Rifflet is a new site where musicians can gather to finish each other's work. The concept involves the uploading of something called a "rifflet," which is a piece of a song - like a bass line, a guitar riff, a drum beat, or something else altogether. Each rifflet must also be less than 60 seconds long. Members of the site can then browse through these "proto-songs," and combine them with other rifflets they find or even just incorporate them into their own original music.
The Rifflet Homepage
The legalities of the material on the site are covered by the various CC licensing options that Rifflet has built into their UI. Although, as the Creative Commons blog points out, the license choices are only visible after you click a track's title. That could make it hard for someone looking for works of only one type of license, for example. Not only that, but the license is all the way down at the bottom of the page, too. However, that is a problem that could easily be corrected by adding a "license" option to their current "browse for audio" page, where you can already search by artist, genre, and title.
The rifflets themselves can be played, tagged, rated, commented on, and downloaded and each rifflet's page will show the artist, title, genre, length, description, and the format of the recording.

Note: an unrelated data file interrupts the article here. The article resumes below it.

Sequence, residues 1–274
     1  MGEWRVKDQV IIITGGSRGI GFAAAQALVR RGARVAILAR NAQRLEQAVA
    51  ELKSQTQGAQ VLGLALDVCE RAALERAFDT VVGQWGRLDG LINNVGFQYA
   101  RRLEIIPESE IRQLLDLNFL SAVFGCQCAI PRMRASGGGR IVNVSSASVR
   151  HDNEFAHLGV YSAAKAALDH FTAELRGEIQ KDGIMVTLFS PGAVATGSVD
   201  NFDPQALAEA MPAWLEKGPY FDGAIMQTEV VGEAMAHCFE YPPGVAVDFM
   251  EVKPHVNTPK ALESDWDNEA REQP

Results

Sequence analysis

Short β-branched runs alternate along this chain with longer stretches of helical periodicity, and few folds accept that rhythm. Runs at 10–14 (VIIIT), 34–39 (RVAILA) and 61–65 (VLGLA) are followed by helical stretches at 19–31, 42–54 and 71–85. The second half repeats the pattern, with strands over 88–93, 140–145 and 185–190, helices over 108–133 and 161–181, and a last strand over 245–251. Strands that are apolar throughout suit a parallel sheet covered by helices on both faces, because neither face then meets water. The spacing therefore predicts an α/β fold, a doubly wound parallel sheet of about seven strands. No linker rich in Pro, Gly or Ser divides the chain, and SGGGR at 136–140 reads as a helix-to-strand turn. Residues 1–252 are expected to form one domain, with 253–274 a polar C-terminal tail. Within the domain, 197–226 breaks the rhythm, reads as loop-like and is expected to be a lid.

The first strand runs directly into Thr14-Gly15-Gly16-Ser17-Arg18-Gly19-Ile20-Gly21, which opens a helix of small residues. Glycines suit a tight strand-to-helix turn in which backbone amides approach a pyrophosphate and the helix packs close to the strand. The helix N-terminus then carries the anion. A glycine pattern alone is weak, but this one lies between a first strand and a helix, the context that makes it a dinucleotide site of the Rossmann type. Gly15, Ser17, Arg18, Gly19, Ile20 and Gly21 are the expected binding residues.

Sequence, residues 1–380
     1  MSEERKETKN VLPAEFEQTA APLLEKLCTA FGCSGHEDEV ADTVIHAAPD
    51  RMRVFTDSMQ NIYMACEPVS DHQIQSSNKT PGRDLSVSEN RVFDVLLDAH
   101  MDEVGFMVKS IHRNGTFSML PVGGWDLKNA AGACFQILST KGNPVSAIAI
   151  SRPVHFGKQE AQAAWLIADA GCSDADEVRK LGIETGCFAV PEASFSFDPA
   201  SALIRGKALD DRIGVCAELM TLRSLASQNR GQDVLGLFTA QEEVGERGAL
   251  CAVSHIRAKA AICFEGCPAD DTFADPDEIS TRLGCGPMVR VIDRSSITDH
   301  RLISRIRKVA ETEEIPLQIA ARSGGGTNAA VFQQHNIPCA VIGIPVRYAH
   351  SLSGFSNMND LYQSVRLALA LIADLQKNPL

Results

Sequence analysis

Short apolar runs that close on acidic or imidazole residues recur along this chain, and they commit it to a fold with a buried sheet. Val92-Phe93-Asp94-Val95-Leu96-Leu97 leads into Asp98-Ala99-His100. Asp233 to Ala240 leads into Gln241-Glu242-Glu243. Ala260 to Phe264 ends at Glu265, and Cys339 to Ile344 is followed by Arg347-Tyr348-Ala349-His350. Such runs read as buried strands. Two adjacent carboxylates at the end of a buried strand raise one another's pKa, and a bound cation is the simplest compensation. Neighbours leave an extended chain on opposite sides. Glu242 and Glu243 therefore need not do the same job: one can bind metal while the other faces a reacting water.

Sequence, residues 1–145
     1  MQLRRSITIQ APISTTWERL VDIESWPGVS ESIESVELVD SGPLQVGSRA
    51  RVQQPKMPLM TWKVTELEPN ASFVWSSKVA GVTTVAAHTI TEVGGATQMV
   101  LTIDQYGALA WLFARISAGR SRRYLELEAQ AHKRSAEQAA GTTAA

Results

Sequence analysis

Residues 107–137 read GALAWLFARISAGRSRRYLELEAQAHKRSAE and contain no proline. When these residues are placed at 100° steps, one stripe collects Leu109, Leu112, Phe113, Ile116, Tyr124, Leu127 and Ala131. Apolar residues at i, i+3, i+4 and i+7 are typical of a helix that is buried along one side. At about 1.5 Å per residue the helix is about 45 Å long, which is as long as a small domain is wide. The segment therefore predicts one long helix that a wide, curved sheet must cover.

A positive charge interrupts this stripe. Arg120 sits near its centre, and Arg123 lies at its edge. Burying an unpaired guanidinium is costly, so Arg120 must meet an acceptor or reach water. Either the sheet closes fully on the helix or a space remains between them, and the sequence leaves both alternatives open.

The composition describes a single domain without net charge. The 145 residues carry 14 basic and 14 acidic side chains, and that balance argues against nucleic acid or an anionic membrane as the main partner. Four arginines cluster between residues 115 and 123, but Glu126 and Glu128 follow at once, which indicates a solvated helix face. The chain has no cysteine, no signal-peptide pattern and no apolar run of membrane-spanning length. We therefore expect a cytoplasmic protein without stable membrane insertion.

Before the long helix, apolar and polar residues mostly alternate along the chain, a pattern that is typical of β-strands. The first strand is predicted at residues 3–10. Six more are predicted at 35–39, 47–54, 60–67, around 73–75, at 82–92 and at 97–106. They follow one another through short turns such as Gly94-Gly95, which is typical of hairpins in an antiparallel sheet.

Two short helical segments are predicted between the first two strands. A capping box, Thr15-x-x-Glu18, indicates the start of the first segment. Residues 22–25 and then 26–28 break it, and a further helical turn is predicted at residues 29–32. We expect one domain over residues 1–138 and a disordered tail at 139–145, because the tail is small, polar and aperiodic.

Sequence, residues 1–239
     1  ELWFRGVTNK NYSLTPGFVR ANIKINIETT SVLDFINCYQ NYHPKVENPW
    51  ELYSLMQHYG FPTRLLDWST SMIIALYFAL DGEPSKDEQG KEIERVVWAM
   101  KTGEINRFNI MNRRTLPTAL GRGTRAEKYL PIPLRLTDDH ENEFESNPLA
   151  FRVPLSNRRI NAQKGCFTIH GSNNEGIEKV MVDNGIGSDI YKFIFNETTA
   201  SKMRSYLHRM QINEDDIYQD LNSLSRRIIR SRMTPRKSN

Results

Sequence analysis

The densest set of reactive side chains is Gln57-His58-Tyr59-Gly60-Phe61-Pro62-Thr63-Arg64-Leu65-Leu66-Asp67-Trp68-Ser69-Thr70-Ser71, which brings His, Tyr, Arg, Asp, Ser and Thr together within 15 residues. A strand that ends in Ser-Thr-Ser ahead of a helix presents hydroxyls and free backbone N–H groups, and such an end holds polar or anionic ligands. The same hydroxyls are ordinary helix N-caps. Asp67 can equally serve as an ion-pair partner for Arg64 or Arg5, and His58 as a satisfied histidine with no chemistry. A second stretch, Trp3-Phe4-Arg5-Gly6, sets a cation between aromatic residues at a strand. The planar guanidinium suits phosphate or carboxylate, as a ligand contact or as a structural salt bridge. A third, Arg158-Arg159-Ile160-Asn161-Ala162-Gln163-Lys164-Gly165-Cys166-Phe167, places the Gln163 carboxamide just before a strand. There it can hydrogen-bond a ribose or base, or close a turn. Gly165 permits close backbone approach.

On your user profile page, you can enter the usual information, like username, web site, favorite artists, and your location, but you can also enter in your band's name and create a "stage name" for yourself, like "Hammer Smashface":
Rifflet User Profile
There is also a handy "recording guide" on Rifflet, which will help those new to using web tools with recording music and uploading their tunes.
The site still has a few kinks to work out - for example, although logged in, I still got the notification that I needed to register or log in in order to rate a track.
Rifflet isn't exactly the first of its kind in this genre - a site called Kompoz offers similar functionality. At Kompoz, musicians can also record tracks and invite others to collaborate on their songs. However, the difference between the two is that Kompoz's aim is really more focused on collaborative songwriting, where Rifflet users can simply browse and download, with no real need to interact that much with other community members. DJs, for example, could cull through the music clips on Rifflet for song pieces to use in their next remix. Besides user profiles, there aren't really any social networking features - you don't invite others to join, create a friends lists, upload profile photos, or maintain a list of favorite artists. Instead, Rifflet simply functions as an open place where music can be shared online.